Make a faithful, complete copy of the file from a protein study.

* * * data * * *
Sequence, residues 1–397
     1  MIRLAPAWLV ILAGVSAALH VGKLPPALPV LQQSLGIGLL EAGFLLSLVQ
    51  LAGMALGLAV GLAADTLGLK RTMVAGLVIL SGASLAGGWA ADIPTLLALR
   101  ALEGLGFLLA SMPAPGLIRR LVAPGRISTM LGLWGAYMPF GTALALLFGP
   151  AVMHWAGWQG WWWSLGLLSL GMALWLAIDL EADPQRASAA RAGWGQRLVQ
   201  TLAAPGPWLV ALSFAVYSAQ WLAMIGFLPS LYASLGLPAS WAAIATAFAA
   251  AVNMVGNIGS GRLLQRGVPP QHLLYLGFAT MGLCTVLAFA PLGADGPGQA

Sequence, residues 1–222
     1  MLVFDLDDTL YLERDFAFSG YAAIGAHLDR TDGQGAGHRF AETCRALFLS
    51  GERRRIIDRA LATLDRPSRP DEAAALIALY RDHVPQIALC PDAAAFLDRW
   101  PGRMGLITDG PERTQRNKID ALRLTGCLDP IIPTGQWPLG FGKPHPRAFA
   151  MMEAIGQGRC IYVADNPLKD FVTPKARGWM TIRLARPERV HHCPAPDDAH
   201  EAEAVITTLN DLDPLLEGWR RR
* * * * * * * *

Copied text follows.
Sequence, residues 1–397
     1  MIRLAPAWLV ILAGVSAALH VGKLPPALPV LQQSLGIGLL EAGFLLSLVQ
    51  LAGMALGLAV GLAADTLGLK RTMVAGLVIL SGASLAGGWA ADIPTLLALR
   101  ALEGLGFLLA SMPAPGLIRR LVAPGRISTM LGLWGAYMPF GTALALLFGP
   151  AVMHWAGWQG WWWSLGLLSL GMALWLAIDL EADPQRASAA RAGWGQRLVQ
   201  TLAAPGPWLV ALSFAVYSAQ WLAMIGFLPS LYASLGLPAS WAAIATAFAA
   251  AVNMVGNIGS GRLLQRGVPP QHLLYLGFAT MGLCTVLAFA PLGADGPGQA

Sequence, residues 1–222
     1  MLVFDLDDTL YLERDFAFSG YAAIGAHLDR TDGQGAGHRF AETCRALFLS
    51  GERRRIIDRA LATLDRPSRP DEAAALIALY RDHVPQIALC PDAAAFLDRW
   101  PGRMGLITDG PERTQRNKID ALRLTGCLDP IIPTGQWPLG FGKPHPRAFA
   151  MMEAIGQGRC IYVADNPLKD FVTPKARGWM TIRLARPERV HHCPAPDDAH
   201  EAEAVITTLN DLDPLLEGWR RR